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A PASSAGE THROUGH INDIA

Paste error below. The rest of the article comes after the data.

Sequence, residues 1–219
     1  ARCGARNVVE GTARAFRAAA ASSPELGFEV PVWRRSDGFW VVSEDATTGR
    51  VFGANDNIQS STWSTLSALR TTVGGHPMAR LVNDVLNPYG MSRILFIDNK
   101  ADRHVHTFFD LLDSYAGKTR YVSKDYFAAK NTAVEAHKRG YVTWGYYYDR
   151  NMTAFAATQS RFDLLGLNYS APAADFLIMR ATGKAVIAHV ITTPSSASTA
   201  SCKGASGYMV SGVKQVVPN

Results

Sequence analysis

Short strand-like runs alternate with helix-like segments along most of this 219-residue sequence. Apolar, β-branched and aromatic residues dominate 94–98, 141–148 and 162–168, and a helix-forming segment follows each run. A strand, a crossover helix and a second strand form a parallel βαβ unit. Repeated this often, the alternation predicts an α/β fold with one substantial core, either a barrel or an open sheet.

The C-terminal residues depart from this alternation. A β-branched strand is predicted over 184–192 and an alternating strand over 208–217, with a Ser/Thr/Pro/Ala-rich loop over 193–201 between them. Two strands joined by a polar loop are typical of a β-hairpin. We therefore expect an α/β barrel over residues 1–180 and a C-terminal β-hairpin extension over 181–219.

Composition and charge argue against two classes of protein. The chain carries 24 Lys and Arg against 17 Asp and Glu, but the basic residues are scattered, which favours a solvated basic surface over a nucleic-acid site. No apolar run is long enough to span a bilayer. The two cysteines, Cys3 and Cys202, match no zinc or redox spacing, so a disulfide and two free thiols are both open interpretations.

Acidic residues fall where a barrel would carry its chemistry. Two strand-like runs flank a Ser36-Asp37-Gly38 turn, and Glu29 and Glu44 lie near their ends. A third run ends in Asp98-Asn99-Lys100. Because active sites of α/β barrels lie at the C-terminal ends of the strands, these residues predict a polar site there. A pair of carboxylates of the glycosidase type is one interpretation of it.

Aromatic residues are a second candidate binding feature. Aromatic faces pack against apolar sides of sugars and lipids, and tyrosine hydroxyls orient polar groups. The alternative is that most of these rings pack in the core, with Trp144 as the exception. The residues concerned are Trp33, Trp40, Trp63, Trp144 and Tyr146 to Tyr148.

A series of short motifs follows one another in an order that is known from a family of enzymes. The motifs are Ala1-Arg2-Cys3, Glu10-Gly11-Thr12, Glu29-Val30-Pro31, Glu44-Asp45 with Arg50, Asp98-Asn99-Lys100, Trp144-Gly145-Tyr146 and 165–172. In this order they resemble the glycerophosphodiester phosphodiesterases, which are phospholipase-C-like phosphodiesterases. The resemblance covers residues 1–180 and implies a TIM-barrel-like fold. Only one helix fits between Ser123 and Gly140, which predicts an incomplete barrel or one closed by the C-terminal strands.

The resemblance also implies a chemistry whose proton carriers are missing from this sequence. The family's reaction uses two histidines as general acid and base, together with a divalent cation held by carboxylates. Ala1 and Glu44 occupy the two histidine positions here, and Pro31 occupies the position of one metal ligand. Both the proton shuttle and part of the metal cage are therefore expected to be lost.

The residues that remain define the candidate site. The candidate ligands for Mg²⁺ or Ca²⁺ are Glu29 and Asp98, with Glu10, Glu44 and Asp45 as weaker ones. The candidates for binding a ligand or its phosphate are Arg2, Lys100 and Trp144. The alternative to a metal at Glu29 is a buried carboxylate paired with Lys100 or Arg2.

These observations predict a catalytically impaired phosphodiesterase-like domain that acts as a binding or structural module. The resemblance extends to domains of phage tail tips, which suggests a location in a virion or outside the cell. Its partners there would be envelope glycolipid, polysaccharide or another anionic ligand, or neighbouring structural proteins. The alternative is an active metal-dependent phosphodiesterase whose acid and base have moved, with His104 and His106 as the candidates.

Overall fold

O mar Khan’s FROM KASHMIR TO KABUL (Mapin, Rs 2,000), painstakingly brings together the scattered works of the almost forgotten 19th century rivals of Bourne & Shepherd — John Burke and William Baker. Formerly army soldiers, the two “rank among the earliest war, news and landscape photographers in the Indian subcontinent”. Through their breathtaking sepia-tinted shots, the two pioneers capture not only the adventures of the raj (1860-1900) — particularly in Afghanistan — but also the people of a massive geographical stretch which has been cordoned off from the public eye by recent political happenings. What is particularly striking about their photography is the warmth and sympathy with which they view the “vanquished” — be it an old Sikh, the hookah-smoking nautch girls, or a group of musicians on the streets of Jalalabad (picture). This is much too important a work to merely adorn the coffee table.

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